I was to speak about the day I was buried in an avalanche and had no idea the amount of emotion I had held back over the years.
I had never ever wanted to speak in front of a crowd, but it was the first thing she offered for me to help reach out to sledders by connecting with Canadian Avalanche Associations members. Any of you that know Wren, know you do not say no to a smile that lights up a room.
Soon I found myself attending the CAA annual general meetings in Penticton, BC spending the week there on my own dime. I kept telling myself I was doing this for an assortment of reasons. Waiting most of the week I was so nervous that there was only a few other snowmobilers involved with this community and I felt very out of place even though I had an extensive snowboarding background. I must commend all the sledders that had been doing outreach for years as there were few in a sea of skiers.
I was so nervous to talk in front of such a large group; this was so outside my usual scope of things. But the time came to jump and with the help of Wren I was able to choke down my nervousness. I was to speak about the day I was buried in an avalanche and had no idea the amount of emotion I had held back over the years, so funny to me that I would let that come out for the first time in front of a room full of people.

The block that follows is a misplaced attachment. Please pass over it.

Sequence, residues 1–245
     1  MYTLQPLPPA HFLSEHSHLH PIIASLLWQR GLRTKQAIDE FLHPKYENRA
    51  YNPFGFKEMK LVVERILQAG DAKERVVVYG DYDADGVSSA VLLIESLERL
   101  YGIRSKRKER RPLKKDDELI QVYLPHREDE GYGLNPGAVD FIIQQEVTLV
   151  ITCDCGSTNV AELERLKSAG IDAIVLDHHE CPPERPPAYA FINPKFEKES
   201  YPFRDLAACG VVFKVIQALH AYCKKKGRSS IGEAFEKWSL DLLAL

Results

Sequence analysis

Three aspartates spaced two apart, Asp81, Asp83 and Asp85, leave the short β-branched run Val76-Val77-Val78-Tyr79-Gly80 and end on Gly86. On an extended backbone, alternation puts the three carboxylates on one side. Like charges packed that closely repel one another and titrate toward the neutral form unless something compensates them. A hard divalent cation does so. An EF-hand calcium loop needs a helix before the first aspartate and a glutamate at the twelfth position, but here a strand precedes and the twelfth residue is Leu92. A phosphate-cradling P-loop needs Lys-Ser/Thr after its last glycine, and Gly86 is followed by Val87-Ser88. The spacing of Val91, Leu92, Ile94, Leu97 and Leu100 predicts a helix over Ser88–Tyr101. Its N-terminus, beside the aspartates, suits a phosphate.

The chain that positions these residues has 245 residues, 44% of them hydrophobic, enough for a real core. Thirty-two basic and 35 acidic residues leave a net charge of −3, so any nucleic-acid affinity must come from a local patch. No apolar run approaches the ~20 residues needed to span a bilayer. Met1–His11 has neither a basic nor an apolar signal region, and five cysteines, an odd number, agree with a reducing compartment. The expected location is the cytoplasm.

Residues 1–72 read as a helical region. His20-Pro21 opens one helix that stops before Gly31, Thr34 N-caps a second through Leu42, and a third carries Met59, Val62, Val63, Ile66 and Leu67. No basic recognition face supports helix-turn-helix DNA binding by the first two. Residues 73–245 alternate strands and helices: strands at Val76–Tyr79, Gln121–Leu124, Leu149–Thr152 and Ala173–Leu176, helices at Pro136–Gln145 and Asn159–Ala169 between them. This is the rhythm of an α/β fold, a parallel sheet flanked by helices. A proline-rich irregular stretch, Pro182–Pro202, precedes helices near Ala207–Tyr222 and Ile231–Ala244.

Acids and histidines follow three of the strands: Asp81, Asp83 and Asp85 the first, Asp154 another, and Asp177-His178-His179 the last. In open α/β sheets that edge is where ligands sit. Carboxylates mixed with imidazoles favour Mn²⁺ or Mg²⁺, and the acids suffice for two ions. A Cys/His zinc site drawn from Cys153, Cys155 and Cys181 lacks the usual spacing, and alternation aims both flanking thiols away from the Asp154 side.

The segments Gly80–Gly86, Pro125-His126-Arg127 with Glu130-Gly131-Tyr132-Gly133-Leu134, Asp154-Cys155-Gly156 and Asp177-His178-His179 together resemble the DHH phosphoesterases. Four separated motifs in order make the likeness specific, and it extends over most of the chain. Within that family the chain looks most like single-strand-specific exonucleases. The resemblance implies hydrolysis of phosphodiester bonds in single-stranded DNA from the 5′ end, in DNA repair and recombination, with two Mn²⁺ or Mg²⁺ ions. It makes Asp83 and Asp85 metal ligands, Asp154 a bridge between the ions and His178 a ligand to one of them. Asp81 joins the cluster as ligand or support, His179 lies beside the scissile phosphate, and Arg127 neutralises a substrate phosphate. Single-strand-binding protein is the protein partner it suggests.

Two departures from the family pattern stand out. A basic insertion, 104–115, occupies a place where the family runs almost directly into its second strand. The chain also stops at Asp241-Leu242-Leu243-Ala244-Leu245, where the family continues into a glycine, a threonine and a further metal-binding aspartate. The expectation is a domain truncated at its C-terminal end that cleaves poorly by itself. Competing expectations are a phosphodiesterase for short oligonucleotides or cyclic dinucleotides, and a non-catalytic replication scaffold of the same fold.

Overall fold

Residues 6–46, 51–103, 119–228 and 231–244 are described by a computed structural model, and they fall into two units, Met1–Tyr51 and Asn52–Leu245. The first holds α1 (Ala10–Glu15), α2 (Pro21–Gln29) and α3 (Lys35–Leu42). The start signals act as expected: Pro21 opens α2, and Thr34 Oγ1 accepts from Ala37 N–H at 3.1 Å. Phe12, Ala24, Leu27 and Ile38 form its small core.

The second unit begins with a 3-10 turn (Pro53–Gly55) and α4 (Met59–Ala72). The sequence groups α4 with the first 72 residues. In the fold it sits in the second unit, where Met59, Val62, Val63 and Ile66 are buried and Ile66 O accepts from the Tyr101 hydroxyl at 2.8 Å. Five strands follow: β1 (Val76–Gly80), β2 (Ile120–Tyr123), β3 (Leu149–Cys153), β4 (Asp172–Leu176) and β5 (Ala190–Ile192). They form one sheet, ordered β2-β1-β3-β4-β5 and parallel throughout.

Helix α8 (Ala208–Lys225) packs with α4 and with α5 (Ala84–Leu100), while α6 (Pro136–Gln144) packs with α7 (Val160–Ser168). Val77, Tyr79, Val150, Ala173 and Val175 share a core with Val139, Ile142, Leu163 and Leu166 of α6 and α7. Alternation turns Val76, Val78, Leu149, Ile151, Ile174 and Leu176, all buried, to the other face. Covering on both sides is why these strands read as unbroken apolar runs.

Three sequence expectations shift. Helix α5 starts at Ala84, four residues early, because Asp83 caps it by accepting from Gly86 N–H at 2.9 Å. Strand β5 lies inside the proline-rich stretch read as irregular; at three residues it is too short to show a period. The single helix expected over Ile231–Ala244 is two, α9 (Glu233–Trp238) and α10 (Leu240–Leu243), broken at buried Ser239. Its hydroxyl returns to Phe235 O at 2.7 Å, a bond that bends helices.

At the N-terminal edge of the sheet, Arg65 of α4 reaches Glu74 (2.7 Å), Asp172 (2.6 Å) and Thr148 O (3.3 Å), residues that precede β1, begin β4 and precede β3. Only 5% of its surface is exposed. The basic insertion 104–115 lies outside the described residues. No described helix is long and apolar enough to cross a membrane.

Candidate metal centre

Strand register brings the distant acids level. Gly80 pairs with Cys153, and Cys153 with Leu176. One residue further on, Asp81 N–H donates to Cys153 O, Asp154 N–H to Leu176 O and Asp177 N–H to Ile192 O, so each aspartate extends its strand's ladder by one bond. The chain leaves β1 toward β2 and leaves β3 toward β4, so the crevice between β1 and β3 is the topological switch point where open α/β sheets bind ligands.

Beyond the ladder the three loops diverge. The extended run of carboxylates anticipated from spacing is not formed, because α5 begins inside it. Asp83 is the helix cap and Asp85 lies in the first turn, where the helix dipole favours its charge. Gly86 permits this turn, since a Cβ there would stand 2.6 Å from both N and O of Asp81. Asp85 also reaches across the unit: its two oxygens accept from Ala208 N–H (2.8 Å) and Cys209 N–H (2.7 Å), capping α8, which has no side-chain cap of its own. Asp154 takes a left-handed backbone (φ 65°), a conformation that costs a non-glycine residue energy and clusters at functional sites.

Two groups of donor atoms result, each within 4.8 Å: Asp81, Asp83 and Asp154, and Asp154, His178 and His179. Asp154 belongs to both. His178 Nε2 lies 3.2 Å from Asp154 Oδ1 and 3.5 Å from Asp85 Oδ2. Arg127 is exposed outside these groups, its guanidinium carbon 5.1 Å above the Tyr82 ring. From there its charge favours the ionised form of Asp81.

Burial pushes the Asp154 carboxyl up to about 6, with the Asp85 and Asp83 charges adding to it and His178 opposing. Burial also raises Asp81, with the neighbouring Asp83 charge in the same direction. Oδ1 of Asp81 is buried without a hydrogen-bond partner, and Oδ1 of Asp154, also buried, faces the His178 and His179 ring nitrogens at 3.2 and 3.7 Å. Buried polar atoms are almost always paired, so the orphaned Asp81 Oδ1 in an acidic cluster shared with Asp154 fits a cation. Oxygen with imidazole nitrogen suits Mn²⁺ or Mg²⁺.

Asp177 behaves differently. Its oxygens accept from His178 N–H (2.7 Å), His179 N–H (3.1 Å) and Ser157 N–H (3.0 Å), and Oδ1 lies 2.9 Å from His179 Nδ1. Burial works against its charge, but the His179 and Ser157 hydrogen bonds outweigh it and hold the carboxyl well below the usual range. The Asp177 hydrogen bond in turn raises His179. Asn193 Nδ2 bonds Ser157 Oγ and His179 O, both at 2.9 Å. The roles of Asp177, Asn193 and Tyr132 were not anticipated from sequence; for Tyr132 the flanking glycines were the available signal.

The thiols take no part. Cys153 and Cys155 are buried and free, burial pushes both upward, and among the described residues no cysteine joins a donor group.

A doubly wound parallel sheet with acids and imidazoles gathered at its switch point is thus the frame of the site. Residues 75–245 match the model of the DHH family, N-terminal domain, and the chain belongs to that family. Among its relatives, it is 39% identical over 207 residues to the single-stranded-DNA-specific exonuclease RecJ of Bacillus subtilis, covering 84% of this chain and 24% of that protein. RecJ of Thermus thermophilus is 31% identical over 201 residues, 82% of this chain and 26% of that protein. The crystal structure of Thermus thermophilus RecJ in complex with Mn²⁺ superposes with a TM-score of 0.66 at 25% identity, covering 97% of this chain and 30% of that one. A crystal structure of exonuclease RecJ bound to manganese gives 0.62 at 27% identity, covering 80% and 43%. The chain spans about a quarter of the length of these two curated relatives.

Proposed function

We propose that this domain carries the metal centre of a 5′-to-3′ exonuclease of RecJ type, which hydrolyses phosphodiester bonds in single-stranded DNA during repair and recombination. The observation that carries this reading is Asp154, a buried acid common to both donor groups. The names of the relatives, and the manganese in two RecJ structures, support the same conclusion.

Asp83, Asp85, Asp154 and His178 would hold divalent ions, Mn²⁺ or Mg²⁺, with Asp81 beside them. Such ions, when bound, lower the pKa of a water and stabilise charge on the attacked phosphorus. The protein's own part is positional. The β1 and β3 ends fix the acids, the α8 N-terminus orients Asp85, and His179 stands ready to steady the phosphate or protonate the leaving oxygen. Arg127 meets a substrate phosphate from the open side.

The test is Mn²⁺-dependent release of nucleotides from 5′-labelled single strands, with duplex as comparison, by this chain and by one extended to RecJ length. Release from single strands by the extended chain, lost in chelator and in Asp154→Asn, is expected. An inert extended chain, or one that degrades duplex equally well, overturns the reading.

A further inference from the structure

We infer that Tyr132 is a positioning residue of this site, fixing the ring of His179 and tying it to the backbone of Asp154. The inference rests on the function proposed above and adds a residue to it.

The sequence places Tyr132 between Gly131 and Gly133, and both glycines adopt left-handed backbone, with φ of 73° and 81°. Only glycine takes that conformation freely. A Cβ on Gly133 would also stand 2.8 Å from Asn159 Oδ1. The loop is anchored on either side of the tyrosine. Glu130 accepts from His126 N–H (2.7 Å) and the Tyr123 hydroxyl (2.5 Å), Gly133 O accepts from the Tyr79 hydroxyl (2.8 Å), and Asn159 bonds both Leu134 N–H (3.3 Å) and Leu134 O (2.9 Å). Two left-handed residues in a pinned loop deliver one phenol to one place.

I guess I was there just as much for my own therapy. But the response I received from the crowd I new that it was all worthwhile. I must thank everyone in that room that day, as the comfort that I felt from everyone is the only reason I am able to carry on to do that same talk today.
Spending that week with the Canadian Avalanche Association members was a pivotal moment in my life. I felt like most of the other people present, were there to make a difference in someone else’s life. I felt like I would be able to help my fellow snowmobilers that were already members reach out to our community, and share the knowledge of the CAA with sledders as well as progress it.
With this new motivation to make a difference, I found an assortment of ways to be involved from some monster days of pit digging with Jeff Scott to gain a personal understanding of how snowmobiles effect the snow pack, to receiving my avalanche operations level two ticket last season. I feel like I am where I should be.
I still speak at an assortment of avalanche outreach events as well as operate an avalanche education business based out of Revelstoke, BC. I am currently looking to gain some more industry days this season to feel comfortable applying for a professional membership in the CAA.
I am still very passionate about helping recreationalist avoid the mistakes I made along the way. We have all learned humility from nature in one way or another. By admitting our mistakes is the only way we will learn from them, and I hope by admitting mine people will learn from them as well as their own.
Thank you so much to the people that believe in me and what I have been doing. It is your unwavering support that keeps me moving forward. And for everyone in my past that has helped me gain my passion for the mountains back. I owe you all a beer or a glass of wine.
Check out Jeremy’s Avy Education and Consulting Business – Soul Rides